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Article
May 1947

RELATIVE DEFICIENCY OF PARASYMPATHOMIMETIC ACTIVITY IN AQUEOUS OF EYES WITH CHRONIC SIMPLE GLAUCOMA

Author Affiliations

NEW YORK
From the Ophthalmological Service and the Laboratories of the Mount Sinai Hospital.

Arch Ophthalmol. 1947;37(5):608-617. doi:10.1001/archopht.1947.00890220625007
Abstract

THE STUDIES of Loewi, Dale, Cannon and others have firmly established the validity of the concept of the chemical mediation of nerve impulses. It is now generally accepted that the effects of the somatic and parasympathetic nervous systems are produced by the liberation at the nerve endings of acetylcholine. This substance is quickly destroyed by cholinesterase, an enzyme present in the blood and tissue fluids. The effects of postganglionic sympathetic nerve impulses are the result of the liberation at the nerve terminals of epinephrine. The clinical implications of these findings are emphasized by the fact that in at least one disease, namely, myasthenia gravis, the primary dysfunction may be attributed to interference with the mechanism of acetylcholine activity.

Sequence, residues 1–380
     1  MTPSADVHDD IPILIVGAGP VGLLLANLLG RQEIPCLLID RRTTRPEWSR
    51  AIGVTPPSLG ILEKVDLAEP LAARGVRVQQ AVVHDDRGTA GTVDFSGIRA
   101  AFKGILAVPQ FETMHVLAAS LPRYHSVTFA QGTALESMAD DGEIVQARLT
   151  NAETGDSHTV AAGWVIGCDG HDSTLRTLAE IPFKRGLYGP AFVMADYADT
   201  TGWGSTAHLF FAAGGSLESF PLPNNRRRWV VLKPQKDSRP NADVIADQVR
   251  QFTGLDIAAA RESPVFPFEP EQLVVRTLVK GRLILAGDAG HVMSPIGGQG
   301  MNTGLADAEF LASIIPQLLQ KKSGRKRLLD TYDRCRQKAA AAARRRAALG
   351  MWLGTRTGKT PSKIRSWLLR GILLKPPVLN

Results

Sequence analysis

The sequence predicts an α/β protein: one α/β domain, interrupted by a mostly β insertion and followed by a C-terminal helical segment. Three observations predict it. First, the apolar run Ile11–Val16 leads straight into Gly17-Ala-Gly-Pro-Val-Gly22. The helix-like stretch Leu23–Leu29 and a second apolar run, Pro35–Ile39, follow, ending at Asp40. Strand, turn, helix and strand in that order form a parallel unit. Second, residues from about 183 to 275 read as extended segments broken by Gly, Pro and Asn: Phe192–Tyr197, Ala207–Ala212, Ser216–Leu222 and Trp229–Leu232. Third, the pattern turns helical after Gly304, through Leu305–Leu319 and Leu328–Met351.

The possible relation of these studies to the problem of glaucoma was suggested by several facts. Since the time of Laqueur, who in 1876 demonstrated the therapeutic effect of physostigmine on the

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